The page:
These policies will empower local communities and councils to lead in rebuilding and levelling up, while also tackling our society’s most long-standing inequalities. The LGA has consistently argued for this with councils, and the past six months – including our leaders’ responses to the challenges, and the high regard local residents have for their councils – support us.
‘Re-thinking local’ is, however, just the beginning. We will keep gathering the experiences, ideas, and needs of councils up and down the country as we enter this new normal. This will enable us to continue representing everyone across local government, while presenting national government with the best possible insight and input.
It will then be up to the Government to listen, to acknowledge this evidence, and to engage with local leaders on the question of how we build services for the future. Councils will then be able to get on with ensuring the bright future on which we are all relying.
So, thank you for all your hard work over the past six months – saving lives, holding communities together, keeping businesses afloat and showing what local government can do.
What does ‘local’ mean now?
‘Re-thinking local’ is the LGA’s campaign to start the debate on the future shape of local public services
COVID-19 has redefined how we think about where and how we live.
Returning to the old normal is no longer enough. We need to reassess what we want from our local areas, public services and lives, and take the lead in rebuilding our communities.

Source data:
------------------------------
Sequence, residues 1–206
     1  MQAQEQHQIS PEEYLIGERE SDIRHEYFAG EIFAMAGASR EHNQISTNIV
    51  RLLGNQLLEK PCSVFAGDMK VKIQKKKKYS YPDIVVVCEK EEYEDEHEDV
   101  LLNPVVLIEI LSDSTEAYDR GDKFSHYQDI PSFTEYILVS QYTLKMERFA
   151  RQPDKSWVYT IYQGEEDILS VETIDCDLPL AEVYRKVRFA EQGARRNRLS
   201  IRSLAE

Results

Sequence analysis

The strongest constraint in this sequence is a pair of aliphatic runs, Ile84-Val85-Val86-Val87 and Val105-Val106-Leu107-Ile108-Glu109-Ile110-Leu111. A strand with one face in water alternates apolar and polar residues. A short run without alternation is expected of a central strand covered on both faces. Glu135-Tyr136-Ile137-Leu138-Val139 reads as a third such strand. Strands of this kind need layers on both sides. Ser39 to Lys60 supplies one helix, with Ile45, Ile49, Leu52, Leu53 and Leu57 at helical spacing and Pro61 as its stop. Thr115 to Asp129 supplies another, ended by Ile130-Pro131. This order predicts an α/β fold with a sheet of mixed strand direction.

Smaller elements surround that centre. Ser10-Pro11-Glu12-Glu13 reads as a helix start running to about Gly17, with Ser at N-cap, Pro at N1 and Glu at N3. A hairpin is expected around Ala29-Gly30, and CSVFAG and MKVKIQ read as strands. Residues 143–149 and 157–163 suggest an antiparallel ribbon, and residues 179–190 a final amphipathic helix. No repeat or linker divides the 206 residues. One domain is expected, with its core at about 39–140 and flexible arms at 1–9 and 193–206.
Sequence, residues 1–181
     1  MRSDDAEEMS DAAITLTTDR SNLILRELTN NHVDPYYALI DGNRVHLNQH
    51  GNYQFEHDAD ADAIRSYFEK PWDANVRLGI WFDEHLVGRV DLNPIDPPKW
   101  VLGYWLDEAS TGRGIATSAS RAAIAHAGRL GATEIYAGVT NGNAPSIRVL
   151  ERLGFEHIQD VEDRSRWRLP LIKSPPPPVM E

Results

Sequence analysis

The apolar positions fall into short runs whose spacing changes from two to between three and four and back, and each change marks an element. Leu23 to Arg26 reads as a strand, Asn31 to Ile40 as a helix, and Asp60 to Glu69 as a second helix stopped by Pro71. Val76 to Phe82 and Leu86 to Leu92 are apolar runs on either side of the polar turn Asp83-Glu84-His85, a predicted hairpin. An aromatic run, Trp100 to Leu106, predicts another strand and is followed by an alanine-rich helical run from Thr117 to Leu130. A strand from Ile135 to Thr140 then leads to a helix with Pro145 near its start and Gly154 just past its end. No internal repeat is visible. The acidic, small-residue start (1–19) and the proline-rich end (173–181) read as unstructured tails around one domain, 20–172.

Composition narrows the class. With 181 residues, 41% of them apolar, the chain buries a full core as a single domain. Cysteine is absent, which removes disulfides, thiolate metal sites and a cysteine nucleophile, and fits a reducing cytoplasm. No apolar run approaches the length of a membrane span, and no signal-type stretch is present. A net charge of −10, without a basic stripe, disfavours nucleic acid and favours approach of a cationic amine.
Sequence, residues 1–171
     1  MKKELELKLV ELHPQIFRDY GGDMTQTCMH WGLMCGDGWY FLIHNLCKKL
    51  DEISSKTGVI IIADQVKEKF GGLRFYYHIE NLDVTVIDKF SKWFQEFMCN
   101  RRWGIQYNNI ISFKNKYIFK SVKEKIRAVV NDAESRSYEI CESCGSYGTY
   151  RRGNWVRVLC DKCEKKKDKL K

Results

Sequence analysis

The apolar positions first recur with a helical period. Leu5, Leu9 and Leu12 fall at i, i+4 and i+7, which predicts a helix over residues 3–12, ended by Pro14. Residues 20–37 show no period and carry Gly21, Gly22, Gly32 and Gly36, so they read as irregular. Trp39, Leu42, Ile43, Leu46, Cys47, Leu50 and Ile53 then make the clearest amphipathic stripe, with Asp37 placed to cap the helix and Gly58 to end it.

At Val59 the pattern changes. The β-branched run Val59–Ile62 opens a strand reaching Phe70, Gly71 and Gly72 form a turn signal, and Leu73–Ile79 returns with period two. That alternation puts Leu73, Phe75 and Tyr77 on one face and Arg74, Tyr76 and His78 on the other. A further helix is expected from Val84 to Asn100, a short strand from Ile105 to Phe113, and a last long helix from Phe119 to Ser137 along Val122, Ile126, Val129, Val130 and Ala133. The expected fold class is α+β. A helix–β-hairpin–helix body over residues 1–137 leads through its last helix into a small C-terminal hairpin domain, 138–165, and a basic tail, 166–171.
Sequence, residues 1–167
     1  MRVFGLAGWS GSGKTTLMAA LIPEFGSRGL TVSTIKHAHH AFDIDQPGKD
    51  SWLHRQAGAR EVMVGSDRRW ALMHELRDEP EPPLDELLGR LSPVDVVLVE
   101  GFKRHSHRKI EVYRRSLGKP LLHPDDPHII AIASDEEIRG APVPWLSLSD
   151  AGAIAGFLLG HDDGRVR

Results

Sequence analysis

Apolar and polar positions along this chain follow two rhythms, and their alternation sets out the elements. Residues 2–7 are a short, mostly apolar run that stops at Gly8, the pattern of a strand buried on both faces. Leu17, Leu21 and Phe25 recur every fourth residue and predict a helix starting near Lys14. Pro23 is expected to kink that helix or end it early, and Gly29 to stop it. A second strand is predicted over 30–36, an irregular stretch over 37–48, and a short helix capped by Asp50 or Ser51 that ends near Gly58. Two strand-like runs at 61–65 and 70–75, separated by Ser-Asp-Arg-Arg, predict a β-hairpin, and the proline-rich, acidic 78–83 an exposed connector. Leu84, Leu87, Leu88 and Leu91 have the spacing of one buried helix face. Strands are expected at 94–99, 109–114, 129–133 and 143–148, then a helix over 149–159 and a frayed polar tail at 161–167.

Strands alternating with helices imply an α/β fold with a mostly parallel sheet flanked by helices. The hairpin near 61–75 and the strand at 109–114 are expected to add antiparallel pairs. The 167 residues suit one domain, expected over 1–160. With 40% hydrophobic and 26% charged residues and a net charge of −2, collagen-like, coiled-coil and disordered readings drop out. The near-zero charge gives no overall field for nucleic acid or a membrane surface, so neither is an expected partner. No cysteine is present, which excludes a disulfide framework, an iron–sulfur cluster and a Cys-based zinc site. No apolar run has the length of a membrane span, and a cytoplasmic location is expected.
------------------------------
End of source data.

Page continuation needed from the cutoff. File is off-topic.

‘Re-thinking local’ is the LGA’s campaign to start the debate on the future shape of local public services. Councils and communities need to bring forward the innovation and creative thinking they have demonstrated during this crisis.
It is this conversation and the actions we take in partnership with government that will help us recover and rebuild. But only if we allocate the resources where they are needed – rather than determining everything from Whitehall – can this process achieve what the country needs.
Councils have worked tirelessly to support their local communities during this unprecedented crisis, but we must now ensure their financial sustainability if they are to continue to innovate and invest in their services and local economies. Despite welcome emergency government funding, LGA analysis shows councils still face a considerable funding gap as a result of dealing with the pandemic.
As we head into the autumn, with a proposed Devolution and Local Recovery White Paper in September and the Autumn Budget in November, we must show how councils can use this once-in-a-lifetime opportunity to not just recover but to go even further – and address the stark inequalities the virus has exposed, develop a green recovery, address skills gaps and rebuild the economy so it benefits everyone.
We recently launched our ‘green’ jobs research (see first 649) showing that a sustainable economic recovery could create up to 694,000 direct jobs in the low-carbon and renewable energy economy by 2030.
We have joined with others to collectively urge the Government to keep planning local, so people have a say over development in their communities.
We’ve examined how the power to raise more money locally – and have greater control over how national taxation is spent – would provide the targeted economic development support needed to level-up communities.
And we are launching a new debate on the future of care and support – with a set of principles to underpin adult social care reform in light of the COVID-19 experience (see p5).
Our work over the coming months will amplify the voices of our communities, and councils’ solutions to the issues that impact those communities. We invite all councils, partners and national government to engage in this conversation and Re-think local.
You can find out more about the campaign at www.local.gov.uk/re-thinking-local and #CouncilsCan